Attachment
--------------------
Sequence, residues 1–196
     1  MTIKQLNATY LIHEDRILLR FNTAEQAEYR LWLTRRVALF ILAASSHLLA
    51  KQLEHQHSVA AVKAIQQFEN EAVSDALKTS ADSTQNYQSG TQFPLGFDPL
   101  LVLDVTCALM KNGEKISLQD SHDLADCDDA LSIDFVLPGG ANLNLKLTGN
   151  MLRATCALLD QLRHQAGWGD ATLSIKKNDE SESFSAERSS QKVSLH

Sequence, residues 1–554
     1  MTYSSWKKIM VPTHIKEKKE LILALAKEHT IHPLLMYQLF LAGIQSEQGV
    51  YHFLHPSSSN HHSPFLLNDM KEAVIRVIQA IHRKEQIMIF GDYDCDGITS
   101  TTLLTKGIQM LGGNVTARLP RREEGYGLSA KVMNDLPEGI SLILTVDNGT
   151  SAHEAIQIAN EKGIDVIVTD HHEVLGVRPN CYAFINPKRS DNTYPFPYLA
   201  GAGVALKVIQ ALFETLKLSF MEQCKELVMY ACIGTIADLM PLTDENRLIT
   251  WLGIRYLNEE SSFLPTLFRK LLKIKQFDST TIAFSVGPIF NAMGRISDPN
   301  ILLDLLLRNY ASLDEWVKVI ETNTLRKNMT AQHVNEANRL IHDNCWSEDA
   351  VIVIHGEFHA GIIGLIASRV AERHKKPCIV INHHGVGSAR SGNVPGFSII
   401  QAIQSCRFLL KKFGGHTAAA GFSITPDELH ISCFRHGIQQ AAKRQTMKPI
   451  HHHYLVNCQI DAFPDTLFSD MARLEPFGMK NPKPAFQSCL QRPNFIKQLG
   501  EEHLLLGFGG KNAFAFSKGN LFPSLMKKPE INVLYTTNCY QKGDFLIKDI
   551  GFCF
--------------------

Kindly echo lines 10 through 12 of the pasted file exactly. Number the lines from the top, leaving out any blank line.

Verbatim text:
   151  SAHEAIQIAN EKGIDVIVTD HHEVLGVRPN CYAFINPKRS DNTYPFPYLA
   201  GAGVALKVIQ ALFETLKLSF MEQCKELVMY ACIGTIADLM PLTDENRLIT
   251  WLGIRYLNEE SSFLPTLFRK LLKIKQFDST TIAFSVGPIF NAMGRISDPN